Air Canada adopts new boarding policy, with five...
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Nov 15, 2014  |  Vote 0    0

Air Canada adopts new boarding policy, with five zones

For years, airlines have struggled to figure out best way to board a plane. Air Canada is adopting a new five-zone policy designed to simplify process


Grab your boarding pass, and carry-on bag, and hurry up and wait.

That’s a common complaint among passengers when it comes time to board a plane, so Air Canada, like many other airlines, is hoping a new system will be a better way.

Using a five-zone boarding system, the airline hopes it will mean a smoother process, as well as ensure business class and super-elite frequent fliers still get priority.

The airline is scheduled to roll out the new model in early December in time for the holiday travel rush, after ruling out other methods including free-for-all boarding, and boarding those without roller-bag carry-ons first.

“Boarding is very complex for us, especially since we have so many different groups of customers,” said Andrew Yiu, Air Canada’s director of product specifications, who was in charge of testing different models.

Under the current system, the number of rows boarding can vary depending on how full a plane is. As well, on some routes, many top-tier customers are eligible for priority boarding, essentially creating bottlenecks at the start.

“On a lot of flights with busy business markets, such as Toronto to Montreal or Toronto to Vancouver, we have a very high component of top-tier customers who are eligible for priority boarding,” Yiu said.

“Whenever we call priority boarding, you’re going to see 60 or 70 people get up, ready to board the aircraft,” he said. “Our top super elites are saying ‘You are giving me this priority boarding benefit, but there are 60 people in front of me, trying to get on.’”

Under the new plan, every boarding pass will have a zone number listed with the goal of simplifying the process, especially on international routes, where there may be language challenges. It should also reduce complicated boarding announcements in English, French and often a third route language.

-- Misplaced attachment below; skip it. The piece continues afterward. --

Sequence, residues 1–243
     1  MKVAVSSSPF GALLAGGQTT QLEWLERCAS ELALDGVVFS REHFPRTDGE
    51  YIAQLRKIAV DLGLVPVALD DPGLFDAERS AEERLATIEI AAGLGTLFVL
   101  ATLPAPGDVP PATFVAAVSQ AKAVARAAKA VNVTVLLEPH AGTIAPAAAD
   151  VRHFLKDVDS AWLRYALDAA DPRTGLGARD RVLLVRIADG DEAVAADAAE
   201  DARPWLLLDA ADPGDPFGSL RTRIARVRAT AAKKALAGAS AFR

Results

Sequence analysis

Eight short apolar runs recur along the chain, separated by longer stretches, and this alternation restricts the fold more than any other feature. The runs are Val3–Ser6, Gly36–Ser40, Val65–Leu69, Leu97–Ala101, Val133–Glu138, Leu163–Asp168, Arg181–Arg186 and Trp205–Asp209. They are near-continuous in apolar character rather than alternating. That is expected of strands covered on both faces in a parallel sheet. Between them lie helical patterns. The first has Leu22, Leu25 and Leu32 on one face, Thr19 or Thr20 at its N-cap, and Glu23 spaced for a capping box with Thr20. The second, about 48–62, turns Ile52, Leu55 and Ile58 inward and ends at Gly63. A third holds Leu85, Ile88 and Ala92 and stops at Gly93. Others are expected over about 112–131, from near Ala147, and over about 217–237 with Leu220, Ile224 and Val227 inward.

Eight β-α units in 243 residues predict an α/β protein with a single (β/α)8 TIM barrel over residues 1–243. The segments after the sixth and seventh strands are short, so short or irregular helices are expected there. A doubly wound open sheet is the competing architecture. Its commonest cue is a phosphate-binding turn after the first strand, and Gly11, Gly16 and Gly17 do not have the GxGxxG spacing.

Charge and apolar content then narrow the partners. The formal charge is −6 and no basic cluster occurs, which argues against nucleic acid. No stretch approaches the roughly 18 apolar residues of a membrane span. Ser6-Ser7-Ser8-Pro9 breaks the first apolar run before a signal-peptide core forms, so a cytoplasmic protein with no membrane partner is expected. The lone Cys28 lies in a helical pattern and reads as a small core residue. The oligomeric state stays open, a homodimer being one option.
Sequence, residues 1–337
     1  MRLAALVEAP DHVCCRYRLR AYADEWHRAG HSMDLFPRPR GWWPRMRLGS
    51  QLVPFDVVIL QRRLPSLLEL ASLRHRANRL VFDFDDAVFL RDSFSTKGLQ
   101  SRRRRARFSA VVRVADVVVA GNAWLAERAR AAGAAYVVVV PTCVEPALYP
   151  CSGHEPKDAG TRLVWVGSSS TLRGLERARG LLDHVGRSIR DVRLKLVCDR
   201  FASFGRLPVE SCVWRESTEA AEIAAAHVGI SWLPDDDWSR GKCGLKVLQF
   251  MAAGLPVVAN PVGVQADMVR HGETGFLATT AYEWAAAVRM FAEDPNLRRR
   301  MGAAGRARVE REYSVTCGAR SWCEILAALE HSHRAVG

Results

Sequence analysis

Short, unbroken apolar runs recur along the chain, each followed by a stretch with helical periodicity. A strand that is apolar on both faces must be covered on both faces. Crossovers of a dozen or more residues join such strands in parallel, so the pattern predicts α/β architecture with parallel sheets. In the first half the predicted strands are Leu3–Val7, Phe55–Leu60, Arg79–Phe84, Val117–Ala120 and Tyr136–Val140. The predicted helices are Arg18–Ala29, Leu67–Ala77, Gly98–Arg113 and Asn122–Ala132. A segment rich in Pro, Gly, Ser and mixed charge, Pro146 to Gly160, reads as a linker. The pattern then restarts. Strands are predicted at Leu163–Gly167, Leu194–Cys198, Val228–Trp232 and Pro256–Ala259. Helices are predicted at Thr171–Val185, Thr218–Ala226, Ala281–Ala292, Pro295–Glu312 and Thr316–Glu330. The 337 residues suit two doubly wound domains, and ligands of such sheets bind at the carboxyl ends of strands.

Zone 1 will be for those travelling in business class and super elite frequent flyers, and Zone 2 will be for those travelling in premium economy, other frequent flyers as well as those who hold certain credit cards that grant priority boarding.

Any passengers who need extra time to get to their seats or families travelling with young children will then board.

The remaining economy travellers will be divided evenly into three zones, boarding from back to front, with the view that aisles are less likely to be clogged by passengers waiting for others to find their seats.

Yiu said the zone method didn’t yield a time savings, but it offered a better customer experience and made it easier for customer-service agents to enforce the boarding processing with zone numbers.

“What we find is it is easy to change a process, but there is an enforcement component if we want this to work in the long term,” he said.

For years, airlines have struggled to find a better way to board their planes. Turnaround times, from when a plane is loaded and unloaded is critical, since airlines only make money when planes are in the air.

But boarding times have actually increased by more than 50 per cent since the 1970s, down to as low as nine passengers per minute, according to a 1998 Boeing study.

That may be because passengers are trying to bring more carry-on luggage with the introduction of checked baggage fees or simply because planes are much fuller these days.

Airlines have tried different techniques including detailed queuing rules at Southwest Airlines, which has no assigned seating.

Jason Steffen, an American physicist, was so frustrated by the logjams to get to his seat that he crunched the data, and devised a technique. He figured the best method was having window seats board first, beginning at the back of the plane, and separated by a gap of two rows. They should be followed by those in middle seats and then aisle seats, always separated by two rows.

Since last winter, KLM has been testing a similar method on three European routes, dubbed smart boarding, where passengers are giving a boarding number at the gate, based on their seat in the aircraft – window seats at the rear, followed by midsection and then aisle seats.

KLM spokesperson Joost Ruempol said in an email that the system is still being tested, but “it makes the boarding process run more smoothly and our passengers are very happy with it.”

In July, WestJet Airlines moved to a four-zone boarding system, after those with special needs or those with young children get priority boarding.

The first zone covers those sitting in premium economy seats or frequent fliers, followed by those at the rear of the aircraft, usually seven to 10 rows. Then passengers in the mid-cabin board, followed by passengers seated at the front of the plane behind premium economy.

WestJet spokeswoman Brie Ogle said the change hasn’t necessarily made a difference in the time it takes to board, but gate staff and flight attendants like it because it more structured and organized.

“It allows flight attendants to actively manage the entire cabin and the carry-on baggage loading process much more efficiently,” she added in an email.

Porter Airlines, which flies smaller turboprop planes that seat 70 passengers, generally lets passengers board when they wish, although on fuller flights, it boards back to front.

Toronto Star

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